Staying open, but slowing down

I’ll get the submission guidelines updated to reflect this within the next couple of days, but here’s the thing:  Backlog will be updated once a week sometime between Saturday and Tuesday, due to various life things that could interfere with even that the new “did aliens eat it?” is going to be if two whole weekends go by without anything showing up.

The site is staying open for the foreseeable future, but the way Amazon‘s review policies are changing lately I may close down simply because it won’t be worth the bother; this site isn’t where the meat of the promotion for your books comes from and never will be — how many people actually pay attention to review blogs?!  The meat of this site’s benefits to people are the Amazon and Goodreads reviews, and the former probably twice as much as the latter.  There may come a day when our reviews are being pulled from Amazon or being rejected out of hand and when that day comes the site will close.  I shan’t delete it, but the forms will go away and the backlog will remain as it was.

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The Mine

TheMine1John A Heldt has done a fantastic job with this story.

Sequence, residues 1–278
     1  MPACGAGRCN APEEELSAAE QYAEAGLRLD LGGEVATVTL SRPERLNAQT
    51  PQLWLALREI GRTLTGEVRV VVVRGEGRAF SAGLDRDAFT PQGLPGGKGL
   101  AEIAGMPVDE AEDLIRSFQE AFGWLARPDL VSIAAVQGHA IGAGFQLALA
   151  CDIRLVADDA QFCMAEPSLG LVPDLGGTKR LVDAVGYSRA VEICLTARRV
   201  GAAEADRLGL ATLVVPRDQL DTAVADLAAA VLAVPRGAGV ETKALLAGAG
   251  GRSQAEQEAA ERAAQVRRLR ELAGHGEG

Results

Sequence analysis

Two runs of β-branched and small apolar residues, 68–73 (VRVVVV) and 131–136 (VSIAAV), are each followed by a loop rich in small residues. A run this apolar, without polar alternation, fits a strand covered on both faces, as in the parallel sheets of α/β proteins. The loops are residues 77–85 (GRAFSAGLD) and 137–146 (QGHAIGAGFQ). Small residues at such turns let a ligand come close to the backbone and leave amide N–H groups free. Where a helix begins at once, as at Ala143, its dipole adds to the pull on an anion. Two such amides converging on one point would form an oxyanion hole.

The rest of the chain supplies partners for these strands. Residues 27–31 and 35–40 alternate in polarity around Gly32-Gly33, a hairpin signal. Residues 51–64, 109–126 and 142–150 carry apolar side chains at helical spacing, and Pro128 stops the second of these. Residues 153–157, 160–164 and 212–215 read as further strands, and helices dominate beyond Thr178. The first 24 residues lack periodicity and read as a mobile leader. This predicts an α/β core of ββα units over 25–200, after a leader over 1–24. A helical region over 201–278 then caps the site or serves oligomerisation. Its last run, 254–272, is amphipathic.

Great characters, amazingly interesting plot, excellent mix of emotions, terrific sense of humour. It’s all here.

Frankly I had exactly three complaints about this novel:

  1. There is no TOC for the eReader to work with.  I suggest remembering to use your reader’s bookmark function whenever you have to walk away, I’ve yet to find a reader or app that doesn’t sometimes forget your place on the next load.  Better safe than sorry with a book this long.
  2. The chapter layout was very strange.  Mostly it was a lot of very short chapters, but now and then there’d be longer ones with scene breaks.  I’d chalk this up to a stylistic thing, but I couldn’t quite fathom a rhyme or reason to when it’d be a three page chapter, or a chapter with three three page scenes.  Too, I find lots of little chapters a distraction because when I hit chapter 35, I don’t like discovering I’m only something like a third of the way through the book.
  3. The story mostly takes place in 1941, and the history is very well researched.  Usually, when I thought that an anachronism had cropped up, it turned out it was truth if rather obscure and unexpected.  There is one blatant exception and one nitpicking one.  The former:  he has one character driving a shiny new Plymouth of a model that was not first produced until the year after WW2 ended, yet this story takes place in the half-year leading up to America‘s involvement in that particular chapter of history.  The nitpicking?  It’s 1941 and he referred to “saddle-shoes” – according to my fashion expert it’s an incorrect usage so common as to beg the question of just how much longer it’ll be incorrect; it’s peeking around the corners of linguistic drift.  All-in-all, big deal.

I especially loved the end, it left tears in my eyes.  This story, most assuredly, deserves an Awesome!  

Don’t believe me?  It’s us$2.99 on Amazon.  Go.  Take a look.  You’ve nothing to lose except the cost of a … is that even the cost of a laté anymore or have those hit $5?